In support of Resolution 1, one pastor encouraged the Council to “contend for the faith,” and reaffirm the Fellowship’s historical stance on divorce and remarriage: Regardless of when the divorce occurred, that person was not eligible to hold credentials. Still another declared that delegates needed to remember that the founders of the Assemblies of God had heard from God and had worked diligently to use the Bible as the basis for their guidelines and decisions.

“If we don’t go back, we’re not in God’s will,” he said.

But opponents of Resolution 1 outnumbered supporters on Wednesday. In a secret ballot vote, the resolution was defeated handily: 713 people supported it, while 1,992 opposed it.

Other Council votes

Also on Wednesday, the Council approved a number of other resolutions:

• Resolution 2, naming Samuel P. Molina an honorary general presbyter. He has served as a general presbyter for 23 years, and has spent more than 40 years with the AG: 15 years in pastoral ministry and 25 years as secretary-treasurer of the Gulf Latin American District Council.

• Resolution 3, naming L. Jack Moore an honorary general presbyter. He has served as a general presbyter for more than 26 years. He pastored for 22 years, and has served 20 years as an executive officer for the Southern Missouri District Council.

• Resolution 4, Commitment to World Evangelism. The resolution will create a “response mechanism” indicating a minister’s commitment to evangelism. It also calls for a study to examine how to encourage ministers to become more involved in evangelism, including procedures for ministers who don’t comply with the Fellowship’s expectations. The study will be presented to the General Presbytery next year.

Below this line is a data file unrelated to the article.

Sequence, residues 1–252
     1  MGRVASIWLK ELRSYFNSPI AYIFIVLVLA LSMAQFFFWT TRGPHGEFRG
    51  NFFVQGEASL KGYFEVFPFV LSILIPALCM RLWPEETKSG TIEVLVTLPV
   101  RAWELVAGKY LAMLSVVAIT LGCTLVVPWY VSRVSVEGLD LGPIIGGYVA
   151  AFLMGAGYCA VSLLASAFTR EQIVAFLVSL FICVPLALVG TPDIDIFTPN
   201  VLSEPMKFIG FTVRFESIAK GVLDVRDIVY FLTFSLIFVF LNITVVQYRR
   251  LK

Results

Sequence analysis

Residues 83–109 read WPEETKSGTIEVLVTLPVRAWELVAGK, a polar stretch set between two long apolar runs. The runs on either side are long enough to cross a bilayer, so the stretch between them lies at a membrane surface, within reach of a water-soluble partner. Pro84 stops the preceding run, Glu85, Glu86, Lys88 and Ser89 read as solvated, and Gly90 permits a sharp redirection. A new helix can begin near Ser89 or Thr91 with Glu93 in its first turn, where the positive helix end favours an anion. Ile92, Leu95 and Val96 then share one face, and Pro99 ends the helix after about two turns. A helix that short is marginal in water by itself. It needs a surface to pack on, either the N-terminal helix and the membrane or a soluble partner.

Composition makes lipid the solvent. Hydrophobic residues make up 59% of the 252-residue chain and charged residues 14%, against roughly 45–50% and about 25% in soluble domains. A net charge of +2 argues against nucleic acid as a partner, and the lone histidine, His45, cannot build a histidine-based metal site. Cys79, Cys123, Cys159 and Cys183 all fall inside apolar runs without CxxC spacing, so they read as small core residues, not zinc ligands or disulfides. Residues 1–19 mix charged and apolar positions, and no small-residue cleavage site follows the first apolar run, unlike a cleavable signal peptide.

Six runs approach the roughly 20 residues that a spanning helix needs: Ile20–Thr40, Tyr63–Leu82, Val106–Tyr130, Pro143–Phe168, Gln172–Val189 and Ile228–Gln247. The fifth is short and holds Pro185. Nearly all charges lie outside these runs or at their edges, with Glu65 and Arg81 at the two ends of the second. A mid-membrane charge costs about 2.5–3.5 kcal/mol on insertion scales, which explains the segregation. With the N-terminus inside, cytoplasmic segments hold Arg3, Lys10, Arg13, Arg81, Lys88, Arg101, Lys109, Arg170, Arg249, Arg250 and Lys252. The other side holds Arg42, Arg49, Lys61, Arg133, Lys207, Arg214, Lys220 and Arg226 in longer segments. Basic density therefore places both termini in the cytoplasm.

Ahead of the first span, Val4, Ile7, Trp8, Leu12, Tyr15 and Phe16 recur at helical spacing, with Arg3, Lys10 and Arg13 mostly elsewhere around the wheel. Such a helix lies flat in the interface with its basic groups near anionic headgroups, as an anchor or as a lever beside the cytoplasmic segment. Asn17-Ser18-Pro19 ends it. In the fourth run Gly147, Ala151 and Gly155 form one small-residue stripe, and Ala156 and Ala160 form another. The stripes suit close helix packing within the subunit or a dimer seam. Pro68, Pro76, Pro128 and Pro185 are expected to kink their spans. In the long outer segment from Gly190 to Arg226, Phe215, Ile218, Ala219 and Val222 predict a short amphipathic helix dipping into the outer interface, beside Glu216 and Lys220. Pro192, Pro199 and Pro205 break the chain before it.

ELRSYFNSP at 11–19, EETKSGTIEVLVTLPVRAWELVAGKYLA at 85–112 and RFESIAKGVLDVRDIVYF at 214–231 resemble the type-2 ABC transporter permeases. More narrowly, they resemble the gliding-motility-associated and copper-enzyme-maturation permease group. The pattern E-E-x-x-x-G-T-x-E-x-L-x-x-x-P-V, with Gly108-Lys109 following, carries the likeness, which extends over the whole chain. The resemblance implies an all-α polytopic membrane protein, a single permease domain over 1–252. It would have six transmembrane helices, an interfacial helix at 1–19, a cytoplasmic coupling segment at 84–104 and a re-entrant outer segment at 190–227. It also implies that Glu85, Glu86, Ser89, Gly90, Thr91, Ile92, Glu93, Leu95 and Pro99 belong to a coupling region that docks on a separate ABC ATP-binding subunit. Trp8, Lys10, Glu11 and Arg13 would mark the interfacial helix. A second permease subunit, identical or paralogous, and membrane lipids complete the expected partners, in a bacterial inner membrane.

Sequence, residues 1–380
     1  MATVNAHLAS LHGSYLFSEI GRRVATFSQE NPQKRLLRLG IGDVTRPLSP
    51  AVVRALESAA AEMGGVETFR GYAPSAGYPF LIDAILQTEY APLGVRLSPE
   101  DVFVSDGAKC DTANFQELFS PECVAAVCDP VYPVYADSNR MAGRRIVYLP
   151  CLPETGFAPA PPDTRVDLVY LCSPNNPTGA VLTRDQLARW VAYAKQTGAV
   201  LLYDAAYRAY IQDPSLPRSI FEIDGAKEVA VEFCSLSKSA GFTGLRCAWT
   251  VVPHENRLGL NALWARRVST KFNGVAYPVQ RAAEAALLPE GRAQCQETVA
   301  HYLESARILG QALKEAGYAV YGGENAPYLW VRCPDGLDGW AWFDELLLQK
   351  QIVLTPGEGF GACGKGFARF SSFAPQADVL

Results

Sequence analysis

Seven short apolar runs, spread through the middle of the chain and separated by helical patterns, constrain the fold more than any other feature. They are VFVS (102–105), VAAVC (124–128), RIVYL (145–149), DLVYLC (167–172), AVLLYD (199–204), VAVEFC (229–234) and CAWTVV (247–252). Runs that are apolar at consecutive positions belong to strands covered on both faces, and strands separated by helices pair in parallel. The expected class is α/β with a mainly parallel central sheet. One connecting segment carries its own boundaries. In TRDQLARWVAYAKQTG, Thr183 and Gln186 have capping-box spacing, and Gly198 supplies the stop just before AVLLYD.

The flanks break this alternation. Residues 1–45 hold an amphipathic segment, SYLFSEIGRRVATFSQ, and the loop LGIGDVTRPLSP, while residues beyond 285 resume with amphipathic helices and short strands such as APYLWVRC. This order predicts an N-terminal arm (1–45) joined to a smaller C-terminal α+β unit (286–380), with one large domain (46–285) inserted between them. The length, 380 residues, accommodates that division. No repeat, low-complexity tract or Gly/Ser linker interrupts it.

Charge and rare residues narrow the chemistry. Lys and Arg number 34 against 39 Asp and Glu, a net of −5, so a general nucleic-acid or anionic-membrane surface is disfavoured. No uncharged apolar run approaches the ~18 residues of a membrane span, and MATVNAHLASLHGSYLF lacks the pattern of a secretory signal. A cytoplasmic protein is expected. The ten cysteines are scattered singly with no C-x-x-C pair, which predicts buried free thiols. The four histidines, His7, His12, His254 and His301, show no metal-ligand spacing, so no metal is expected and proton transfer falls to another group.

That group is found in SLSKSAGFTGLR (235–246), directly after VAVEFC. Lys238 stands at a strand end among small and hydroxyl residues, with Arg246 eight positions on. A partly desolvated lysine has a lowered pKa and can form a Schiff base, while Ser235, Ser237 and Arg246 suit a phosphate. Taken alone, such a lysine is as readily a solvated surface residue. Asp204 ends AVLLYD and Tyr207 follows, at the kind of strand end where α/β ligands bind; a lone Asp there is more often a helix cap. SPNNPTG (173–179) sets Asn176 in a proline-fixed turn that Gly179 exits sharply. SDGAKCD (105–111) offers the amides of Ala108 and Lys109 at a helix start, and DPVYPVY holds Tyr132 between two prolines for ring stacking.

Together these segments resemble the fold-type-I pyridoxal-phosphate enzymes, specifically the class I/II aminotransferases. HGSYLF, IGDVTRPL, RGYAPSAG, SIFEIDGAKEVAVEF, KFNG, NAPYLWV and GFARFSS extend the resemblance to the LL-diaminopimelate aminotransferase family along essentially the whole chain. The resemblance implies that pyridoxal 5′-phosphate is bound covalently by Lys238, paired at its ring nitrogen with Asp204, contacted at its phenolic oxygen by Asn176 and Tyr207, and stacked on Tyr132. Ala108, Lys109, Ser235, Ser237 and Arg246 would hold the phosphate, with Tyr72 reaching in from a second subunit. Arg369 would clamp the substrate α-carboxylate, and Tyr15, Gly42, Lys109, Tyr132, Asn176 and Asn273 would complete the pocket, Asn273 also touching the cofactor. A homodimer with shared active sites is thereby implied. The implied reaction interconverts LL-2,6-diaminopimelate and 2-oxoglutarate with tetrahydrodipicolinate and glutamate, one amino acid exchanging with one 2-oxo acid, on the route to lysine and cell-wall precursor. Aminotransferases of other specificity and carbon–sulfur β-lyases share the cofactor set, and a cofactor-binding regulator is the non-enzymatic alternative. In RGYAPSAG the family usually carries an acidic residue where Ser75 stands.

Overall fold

• Resolution 6, creating a Second Korean District Council.

• Resolution 7, dissolving the Portuguese District Council.

• Resolution 8, increasing monthly financial support for the national headquarters.

• Resolution 9, repealing a 2001 Council action that created a National Placement Service. The national program was designed to help churches find qualified ministers, but a committee appointed by the Executive Presbytery reported that the National Placement Service approach could be problematic and inconsistent with the Fellowship’s methods of placing ministers in pastoral roles. Instead, Resolution 9 calls for the creation of leadership training material and other resources that can help churches improve their searches for ministers.

• Resolution 10, adding a statement on Voluntary Cooperation and Commitment to the Fellowship into the AG By-laws.

• Resolution 11, calling for mandatory screening of all ministerial applicants.

• Resolution 12, adding a new prerogative to the AG Constitution. The new statement declares that one of the Fellowship’s prerogatives is “to respond to human need with ministries of compassion.”

• Resolution 16, naming Robert L. Nazarenus an honorary general presbyter. He has served in ministry roles for over 40 years, including 17 years as superintendent of the Nebraska District Council and 20 years as a general presbyter.

• Resolution 17, naming Robert D. Ross an honorary general presbyter. His ministry service includes 18 years as an executive officer for the Montana District, and three years in an executive role for the Wisconsin-Northern Michigan District.

• Resolution 18, calling on individual pastors and leaders to pray for one individual worker at the AG headquarters every day for the next year.

The final action Wednesday was the casting of the first electoral ballots for the nonresident executive presbyters. The results of that ballot will be announced near the beginning of today’s first business session, which starts at 9 a.m.

Other agenda items for today include the Spiritual Life Committee Report and a host of resolutions proposing changes to the Assemblies of God Constitution and By-laws. Those resolutions stem from the work of the Vision for Transformation teams.